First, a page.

Macro shots of water drops are appealing, and shapes can be further accentuated with discreet coloring. You could treat the bland surface with a linear gradient from #772222 (RGB 119, 34, 34) to #3333bb (RGB 51, 51, 187). If the photo is on a layer of its own, click on Layer → Layer Style → Gradient Overlay or double-click the layer next to its name. Set the blend mode to Color, the opacity to 50%, the gradient to “Foreground to background color” and the angle to 90%.
The gradient will be saved as a layer style, so you can come back at any time to adjust the values. Double-clicking the style name opens up the dialog window once more. If the skin is not quite perfect after retouching, it might be because of the general hue. You can control it by going to New Adjustment Layer → Hue/ Saturation.
Click on the miniature mask, and press Control/Command + I to invert the mask. Using white color and a soft brush, paint over the skin areas so that only they get treated. For the adjustment, switch from Standard to “Reds” (found in the Hue drop-down menu of the Adjustment layer), and use the Hue, Saturation and Lightness sliders to adjust the skin color.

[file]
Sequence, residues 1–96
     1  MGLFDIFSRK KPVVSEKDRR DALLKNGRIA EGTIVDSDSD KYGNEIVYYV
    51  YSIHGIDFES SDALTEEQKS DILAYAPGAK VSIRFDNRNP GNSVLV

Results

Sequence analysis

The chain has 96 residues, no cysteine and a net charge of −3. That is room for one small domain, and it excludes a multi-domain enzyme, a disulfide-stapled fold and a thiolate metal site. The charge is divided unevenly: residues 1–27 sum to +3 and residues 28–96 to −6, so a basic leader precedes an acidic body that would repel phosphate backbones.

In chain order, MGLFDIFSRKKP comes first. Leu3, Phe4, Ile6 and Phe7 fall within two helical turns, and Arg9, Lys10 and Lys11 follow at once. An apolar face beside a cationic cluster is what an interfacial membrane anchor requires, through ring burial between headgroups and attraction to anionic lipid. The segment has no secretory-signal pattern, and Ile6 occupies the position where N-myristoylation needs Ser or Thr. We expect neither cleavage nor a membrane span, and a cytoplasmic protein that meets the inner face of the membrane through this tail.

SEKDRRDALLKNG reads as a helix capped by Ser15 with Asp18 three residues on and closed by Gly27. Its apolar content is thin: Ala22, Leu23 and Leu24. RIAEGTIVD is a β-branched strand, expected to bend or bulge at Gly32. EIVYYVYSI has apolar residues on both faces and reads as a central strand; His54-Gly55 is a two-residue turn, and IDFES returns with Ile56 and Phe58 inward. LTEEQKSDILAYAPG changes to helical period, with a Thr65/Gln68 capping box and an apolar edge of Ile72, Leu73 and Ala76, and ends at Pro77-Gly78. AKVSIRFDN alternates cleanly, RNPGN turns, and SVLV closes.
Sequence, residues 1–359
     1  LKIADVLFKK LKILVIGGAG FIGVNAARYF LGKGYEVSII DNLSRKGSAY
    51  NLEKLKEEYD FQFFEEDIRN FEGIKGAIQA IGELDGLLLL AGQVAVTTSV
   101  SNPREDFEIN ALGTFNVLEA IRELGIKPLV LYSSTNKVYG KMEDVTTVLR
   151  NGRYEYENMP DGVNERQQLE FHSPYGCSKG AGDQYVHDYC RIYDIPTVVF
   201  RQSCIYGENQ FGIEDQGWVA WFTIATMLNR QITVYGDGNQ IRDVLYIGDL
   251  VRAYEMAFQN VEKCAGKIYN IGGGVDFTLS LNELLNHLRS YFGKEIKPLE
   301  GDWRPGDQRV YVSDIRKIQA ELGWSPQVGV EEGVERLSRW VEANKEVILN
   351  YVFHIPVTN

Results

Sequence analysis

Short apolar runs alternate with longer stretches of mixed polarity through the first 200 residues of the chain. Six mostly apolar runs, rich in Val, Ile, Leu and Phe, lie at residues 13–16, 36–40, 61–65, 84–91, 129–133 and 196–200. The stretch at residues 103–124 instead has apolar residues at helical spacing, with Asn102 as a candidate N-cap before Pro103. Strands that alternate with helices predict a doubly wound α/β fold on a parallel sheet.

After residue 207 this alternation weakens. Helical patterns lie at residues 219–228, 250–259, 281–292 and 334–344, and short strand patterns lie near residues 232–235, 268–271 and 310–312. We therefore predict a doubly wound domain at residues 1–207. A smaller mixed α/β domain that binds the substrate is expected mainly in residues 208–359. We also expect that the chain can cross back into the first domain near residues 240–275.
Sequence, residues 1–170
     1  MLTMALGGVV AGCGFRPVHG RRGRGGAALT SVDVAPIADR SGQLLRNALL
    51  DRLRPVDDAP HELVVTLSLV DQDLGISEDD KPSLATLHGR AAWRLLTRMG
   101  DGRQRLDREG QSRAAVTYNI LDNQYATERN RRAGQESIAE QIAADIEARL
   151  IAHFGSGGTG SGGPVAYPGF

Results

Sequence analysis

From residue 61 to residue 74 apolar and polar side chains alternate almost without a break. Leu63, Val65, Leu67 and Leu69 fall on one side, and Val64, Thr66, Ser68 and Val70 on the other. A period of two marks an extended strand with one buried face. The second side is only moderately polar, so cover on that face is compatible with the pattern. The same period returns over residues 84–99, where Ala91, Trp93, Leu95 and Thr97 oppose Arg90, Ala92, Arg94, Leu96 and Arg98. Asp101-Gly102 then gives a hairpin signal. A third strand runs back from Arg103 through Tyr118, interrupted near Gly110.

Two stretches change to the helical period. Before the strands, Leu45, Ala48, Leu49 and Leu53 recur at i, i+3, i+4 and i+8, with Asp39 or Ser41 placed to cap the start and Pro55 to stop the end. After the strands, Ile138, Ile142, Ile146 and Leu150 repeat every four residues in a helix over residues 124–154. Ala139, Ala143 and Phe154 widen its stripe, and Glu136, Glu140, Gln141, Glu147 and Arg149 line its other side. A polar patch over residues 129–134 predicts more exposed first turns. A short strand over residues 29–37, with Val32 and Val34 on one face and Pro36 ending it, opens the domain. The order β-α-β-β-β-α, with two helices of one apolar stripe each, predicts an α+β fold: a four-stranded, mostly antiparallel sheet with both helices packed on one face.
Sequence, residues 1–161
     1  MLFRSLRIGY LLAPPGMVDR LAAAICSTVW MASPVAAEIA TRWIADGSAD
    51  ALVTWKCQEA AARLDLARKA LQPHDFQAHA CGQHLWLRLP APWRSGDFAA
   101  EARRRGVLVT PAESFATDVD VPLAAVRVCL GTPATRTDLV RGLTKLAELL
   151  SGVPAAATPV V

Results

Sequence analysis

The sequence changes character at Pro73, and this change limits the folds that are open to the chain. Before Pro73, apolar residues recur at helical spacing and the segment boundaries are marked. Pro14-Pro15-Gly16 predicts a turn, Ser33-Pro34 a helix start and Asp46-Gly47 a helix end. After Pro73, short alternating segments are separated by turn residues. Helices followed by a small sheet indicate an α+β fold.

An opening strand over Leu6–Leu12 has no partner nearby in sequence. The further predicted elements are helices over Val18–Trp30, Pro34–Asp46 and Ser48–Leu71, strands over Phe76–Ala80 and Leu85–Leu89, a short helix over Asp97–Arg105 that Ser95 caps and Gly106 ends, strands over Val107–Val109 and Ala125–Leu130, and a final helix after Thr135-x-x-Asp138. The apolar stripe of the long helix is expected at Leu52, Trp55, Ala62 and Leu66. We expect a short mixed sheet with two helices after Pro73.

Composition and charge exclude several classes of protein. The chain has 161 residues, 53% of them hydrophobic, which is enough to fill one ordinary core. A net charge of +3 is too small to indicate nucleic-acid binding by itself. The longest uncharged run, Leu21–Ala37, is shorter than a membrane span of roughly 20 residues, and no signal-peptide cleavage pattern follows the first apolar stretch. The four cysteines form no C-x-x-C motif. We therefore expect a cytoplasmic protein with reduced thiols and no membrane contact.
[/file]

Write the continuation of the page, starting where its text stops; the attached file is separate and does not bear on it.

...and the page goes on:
Switch to “Yellows” and optimize the skin tone. Getting the colors exactly right depends very much on the image material. Rely on your common sense. A sunburn or a blush can disrupt a portrait, especially if there is a contrasting pale person nearby. Photoshop has a tool to correct that: “Match Color” offers control over skin tones. Open your image and use the Quick Selection tool to roughly select the red skin areas.
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